The Philippines and Norway enjoy robust and cordial relations in all three pillars of Philippine foreign policy- economic, political and people-to- people cooperation.
The maritime sector is one of the most important aspects of RP-Norway bilateral relations, dating back to the 1900's. Today, Norwegian ship owners employ approximately 35,000 Filipino seafarers in shipyards or on board Norwegian owned or controlled vessels, a testimonial to the trust and confidence Norwegian shipowners have placed over the years for Filipino seafarers. Despite the global economic crisis that ravaged the shipping industry in 2008 and 2009, this area of employment has not slackened. Filipino seafarers benefit as well from the education and training provided by sophisticated Norwegian maritime training schools in the Philippines. Norwegian ship owners have been building and repairing vessels in Philippine shipyards. Many companies engaged in the maritime sector have put up offices in the Philippines.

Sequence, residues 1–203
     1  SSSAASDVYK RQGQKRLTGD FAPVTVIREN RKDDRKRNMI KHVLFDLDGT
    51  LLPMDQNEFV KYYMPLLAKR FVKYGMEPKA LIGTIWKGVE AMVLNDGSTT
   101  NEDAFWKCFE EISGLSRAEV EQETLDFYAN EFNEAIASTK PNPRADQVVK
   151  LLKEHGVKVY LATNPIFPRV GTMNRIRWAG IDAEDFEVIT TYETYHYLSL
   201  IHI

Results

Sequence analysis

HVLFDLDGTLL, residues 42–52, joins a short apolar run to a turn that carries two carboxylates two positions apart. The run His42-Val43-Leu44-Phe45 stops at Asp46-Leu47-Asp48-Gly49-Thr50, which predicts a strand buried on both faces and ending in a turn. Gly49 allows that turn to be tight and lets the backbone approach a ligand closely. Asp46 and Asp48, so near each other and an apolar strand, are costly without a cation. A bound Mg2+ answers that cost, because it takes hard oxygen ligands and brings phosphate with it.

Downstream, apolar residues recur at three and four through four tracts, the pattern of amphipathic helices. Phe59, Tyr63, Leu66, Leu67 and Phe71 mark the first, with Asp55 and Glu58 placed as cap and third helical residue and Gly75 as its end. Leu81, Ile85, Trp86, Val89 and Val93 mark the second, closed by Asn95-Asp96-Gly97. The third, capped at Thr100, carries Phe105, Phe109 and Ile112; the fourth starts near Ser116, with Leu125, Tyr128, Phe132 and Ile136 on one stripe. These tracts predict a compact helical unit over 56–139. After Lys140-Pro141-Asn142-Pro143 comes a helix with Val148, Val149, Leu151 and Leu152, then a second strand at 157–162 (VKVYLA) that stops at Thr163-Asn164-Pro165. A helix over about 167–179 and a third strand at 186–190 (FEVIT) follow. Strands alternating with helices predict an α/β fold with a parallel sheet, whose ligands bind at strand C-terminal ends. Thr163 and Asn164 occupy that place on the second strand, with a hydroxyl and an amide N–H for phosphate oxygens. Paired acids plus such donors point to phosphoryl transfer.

Other areas point to a promising future. With the purchase in 2007 of the Magat and Ambuklao and Binga hydroelectricity plants by SN Power and their Filipino partner, the Aboitiz group, cooperation in the area of renewable energy between the two countries should continue as both countries have declared their commitments to develop and use renewable energy. New areas of commercial cooperation include aquaculture, telecommunications, the petroleum sector and the use of IT in outsourcing. There has also been a marked increase in the number of Norwegian tourists visiting the Philippines.